So we're about 30 hours removed from the groundbreaking announcement that the IZOD IndyCar Series will move to a single chassis - ahem, "safety cell," excuse me - produced by Dallara for the 2012 season and beyond. The majority of the reaction to this decision has been tempered disappointment layered with guarded optimism for the future.
Certainly, what was unveiled on Wednesday was not what most of us expected, or really wanted. The cars that we will see on track in 2012 look nothing like any of the concepts presented to us beforehand by BAT, Delta Wing, Lola, Swift, or even Dallara.
To be honest, we still don't even know what the car will look like for certain - we just have the general idea of how a handful of the parts on the safety cell will appear.
The content of the announcement was a far cry from what most of us had hoped for. Instead of the beautiful Lola chassis, one of the many innovative Swift designs, or even one of Dallara's three less groundbreaking models - or better yet, an entry from each - we don't have any definitive designs to sink our teeth into for quite a while. And that's a disappointment, to say the least.
It's especially disappointing because of how amazing some of the chassis in play would have looked. The Lola was perhaps the best-looking open wheel car since Lola's last Champ Car, which was retired at the end of 2006. It's a car that should be used in some form, by some series, somewhere in the world. Hell, even if only the Indy Lights version of the car makes it to that series, that car needs to be in competition.
The return of Dallara, and Dallara alone, also put a lot of people off. Yes, anybody who wants to design an aerodynamic kit for the car can, but it's not quite the same as a full-blown chassis war, where two or three different companies vie to produce the greatest vehicle overall for their teams. And a lot of people are sick of the same company producing the vehicle, especially when the current chassis that dominates the series has been panned by a lot of fans, particularly when Champ Car produced a new chassis in 2007 (four full years after the Dallara's introduction).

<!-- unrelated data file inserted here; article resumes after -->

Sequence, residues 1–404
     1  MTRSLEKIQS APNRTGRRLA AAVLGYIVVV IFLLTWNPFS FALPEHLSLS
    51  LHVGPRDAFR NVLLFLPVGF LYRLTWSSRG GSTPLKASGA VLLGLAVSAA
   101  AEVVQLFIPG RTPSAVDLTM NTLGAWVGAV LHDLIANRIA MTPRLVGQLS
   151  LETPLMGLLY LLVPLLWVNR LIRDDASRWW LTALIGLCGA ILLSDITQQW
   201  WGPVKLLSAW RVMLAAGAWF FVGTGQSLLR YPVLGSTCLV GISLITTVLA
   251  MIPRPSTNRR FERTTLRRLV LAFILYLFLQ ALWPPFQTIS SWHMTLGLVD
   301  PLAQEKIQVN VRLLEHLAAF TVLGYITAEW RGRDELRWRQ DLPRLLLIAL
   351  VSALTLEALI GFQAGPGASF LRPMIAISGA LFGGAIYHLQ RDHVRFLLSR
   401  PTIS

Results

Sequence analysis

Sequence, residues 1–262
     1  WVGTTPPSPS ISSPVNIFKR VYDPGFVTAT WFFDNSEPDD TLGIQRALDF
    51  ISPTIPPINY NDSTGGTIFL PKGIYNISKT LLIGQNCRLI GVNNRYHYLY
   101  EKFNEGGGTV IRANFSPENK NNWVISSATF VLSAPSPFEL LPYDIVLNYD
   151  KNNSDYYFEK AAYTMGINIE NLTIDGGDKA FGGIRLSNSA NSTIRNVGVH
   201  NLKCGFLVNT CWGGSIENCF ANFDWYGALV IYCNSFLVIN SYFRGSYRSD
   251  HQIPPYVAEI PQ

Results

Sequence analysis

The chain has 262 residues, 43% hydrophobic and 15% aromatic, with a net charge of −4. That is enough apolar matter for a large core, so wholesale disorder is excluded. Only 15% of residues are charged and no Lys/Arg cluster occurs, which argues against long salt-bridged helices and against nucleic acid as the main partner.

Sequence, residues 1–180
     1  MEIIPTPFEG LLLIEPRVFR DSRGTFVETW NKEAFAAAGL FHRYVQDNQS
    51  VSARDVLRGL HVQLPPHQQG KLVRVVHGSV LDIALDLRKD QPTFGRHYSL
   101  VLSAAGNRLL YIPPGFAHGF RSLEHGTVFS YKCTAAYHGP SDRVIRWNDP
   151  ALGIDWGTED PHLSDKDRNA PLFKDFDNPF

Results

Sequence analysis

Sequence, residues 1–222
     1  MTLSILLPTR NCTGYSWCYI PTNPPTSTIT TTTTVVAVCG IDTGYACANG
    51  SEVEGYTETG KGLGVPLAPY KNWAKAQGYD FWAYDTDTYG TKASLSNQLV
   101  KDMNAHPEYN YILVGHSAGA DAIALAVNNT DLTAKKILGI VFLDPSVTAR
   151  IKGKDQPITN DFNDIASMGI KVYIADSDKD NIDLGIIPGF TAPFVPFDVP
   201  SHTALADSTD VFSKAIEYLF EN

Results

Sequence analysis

But sit on this decision for a little while, consider it more rationally, and you have perhaps the greatest move that the sport has made since Randy Bernard came on board.
By allowing anybody to design their own aerodynamic kits while only allowing Dallara to produce safety cells, the series maintains the best of both worlds: the fairness of a single unbiased supplier for the safety cell, and the innovation, visual variation, and on-track advantages that come out of different aerodynamic kits.
Any engine manufacturer looking to join the sport can now find ways to add aesthetic cues that reflect their street cars to an IndyCar, perhaps the most purpose-built racing machine in the world. (Lotus' Formula 1 head, Tony Fernandes, has already hinted that the brand may up their commitment in 2012 from their current sponsorship of Takuma Sato.) Keep in mind that one of the reasons fans flocked to NASCAR was because the cars used to resemble what we saw on the road every day; now, IndyCar has a little crack at that, too.
Let's also keep in mind what Dallara offered to maintain its relationship with IndyCar: a brand new facility in Speedway that will churn out these new safety cells. Indianapolis becomes a racing town all year once again, as the engineering schools of the Midwest (fun fact: my grandfather studied engineering in Purdue) will produce the future minds that shape the sport. The facility creates new jobs that should help rejuvenate the local economy, something that should not go without consideration.
I will concede that for all the fanfare that came with this announcement, and all of the high expectations that we the fans and writers developed on our own, we were a bit let down. But it was our own grandiose expectations and rigid mindsets that let us down. We all wanted something for the series that nobody starting from scratch could really provide us with in 2012, while still making a reasonable amount of money. As much as I hate to say it, racing is a business... a business in which my vision of Honda, Porsche, Cosworth, and BMW 3.4-liter V6s in Dallara, Lola, and Swift chassis is not quite feasible at the moment.
Once we all get over those elevated hopes, dreams, and expectations we had, I'm sure that IndyCar and Dallara will not disappoint, and we're going to see a fantastic 2012 IndyCar season. It'd just be nice to have a few more complete and concrete images and specs drawn up at this point, especially since the new car has been such a long time coming.
But alas, we shall keep waiting... and in the meantime, probably drawing up our own aero kits. Let the art project begin!